Visit Arches and discover a landscape of contrasting colors, landforms and textures unlike any other in the world. The park has over 2,000 natural stone arches, in addition to hundreds of soaring pinnacles, massive fins and giant balanced rocks. This red rock wonderland will amaze you with its formations, refresh you with its trails, and inspire you with its sunsets.
A rugged, whitewater river flowing northward through deep canyons, the New River is among the oldest rivers on the continent. New River Gorge National River in West Virginia encompasses over 70,000 acres of land along the New River, is rich in cultural and natural history, and offers an abundance of scenic and recreational opportunities.
Denali is six million acres of wild land, bisected by one ribbon of road. Travelers along it see the relatively low-elevation taiga forest give way to high alpine tundra and snowy mountains, culminating in North America's tallest peak, 20,310' Denali. Wild animals large and small roam un-fenced lands, living as they have for ages. Solitude, tranquility and wilderness await.
Secretary Salazar Presents the Battle of the Atlantic Expedition with Partners in Conservation Award
WASHINGTON, D.C. – Secretary of the Interior Ken Salazar today presented a Partners in Conservation Award to the Battle of the Atlantic Expedition for collective efforts in the preservation of historic World War II shipwreck sites in the “Graveyard of the Atlantic” off the North Carolina coast.
In a July 2008 multi-partner mission, baseline data were collected in several sites that included underwater wreckage of German U-boats, British naval vessels, and US Merchant Marine ships lost during the war. This data, gathered through scientific mapping and photo and video documentation, will allow for future monitoring of both cultural and environmental changes of these “war graves.”
The program seeks to educate the local diving community on the fragile nature of these unique historic resources and their significance in telling the full story of World War II of the Atlantic coastline.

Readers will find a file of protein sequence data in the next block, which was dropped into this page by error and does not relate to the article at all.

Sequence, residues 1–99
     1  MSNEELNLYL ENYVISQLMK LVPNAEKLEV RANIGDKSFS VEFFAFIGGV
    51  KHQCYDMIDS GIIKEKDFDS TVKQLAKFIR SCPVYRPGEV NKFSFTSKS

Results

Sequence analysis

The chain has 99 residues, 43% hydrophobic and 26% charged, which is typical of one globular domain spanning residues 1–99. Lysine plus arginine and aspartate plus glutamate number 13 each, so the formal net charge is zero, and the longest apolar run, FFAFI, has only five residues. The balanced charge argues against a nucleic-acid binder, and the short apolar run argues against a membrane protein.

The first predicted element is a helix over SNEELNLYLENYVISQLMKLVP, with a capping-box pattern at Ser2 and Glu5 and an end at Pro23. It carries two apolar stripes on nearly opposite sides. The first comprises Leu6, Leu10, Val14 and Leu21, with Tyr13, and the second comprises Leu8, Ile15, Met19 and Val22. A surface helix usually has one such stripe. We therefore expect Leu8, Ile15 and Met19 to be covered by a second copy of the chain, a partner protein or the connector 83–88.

“The Partners in Conservation Awards demonstrate that our greatest conservation legacies often emerge when stakeholders, agencies, and citizens from a wide range of backgrounds come together to address shared challenges,” the Secretary said. “Through the commitment of federal, state and academic partners, the Battle of the Atlantic Expedition not only gathered valuable data on several shipwrecks that occurred during the World War II attacks off the North Carolina coast but also promoted the significance of the preservation of the maritime history of the United States.”
The Battle of the Atlantic award was one of 26 national awards to individuals and organizations presented at a ceremony at Interior headquarters in Washington, D.C. to honor “those who achieve natural resource goals in collaboration and partnership with others.”
The 26 Partners in Conservation Awards recognize conservation achievements resulting from the cooperation and participation of a total of 600 individuals and organizations including landowners; citizens' groups; private sector and nongovernmental organizations; and federal, state, local, and/or tribal governments.
The expedition was brought together under the leadership of the National Oceanographic and Atmospheric Administration's Monitor National Marine Sanctuary. Project partners included the National Park Service's Submerged Resources Center, Minerals Management Service, East Carolina University's Program in Maritime Studies, University of North Carolina's Coastal Studies Institute; the University of North Carolina's Department of Cultural Resources, and the North Carolina Aquarium on Roanoke Island.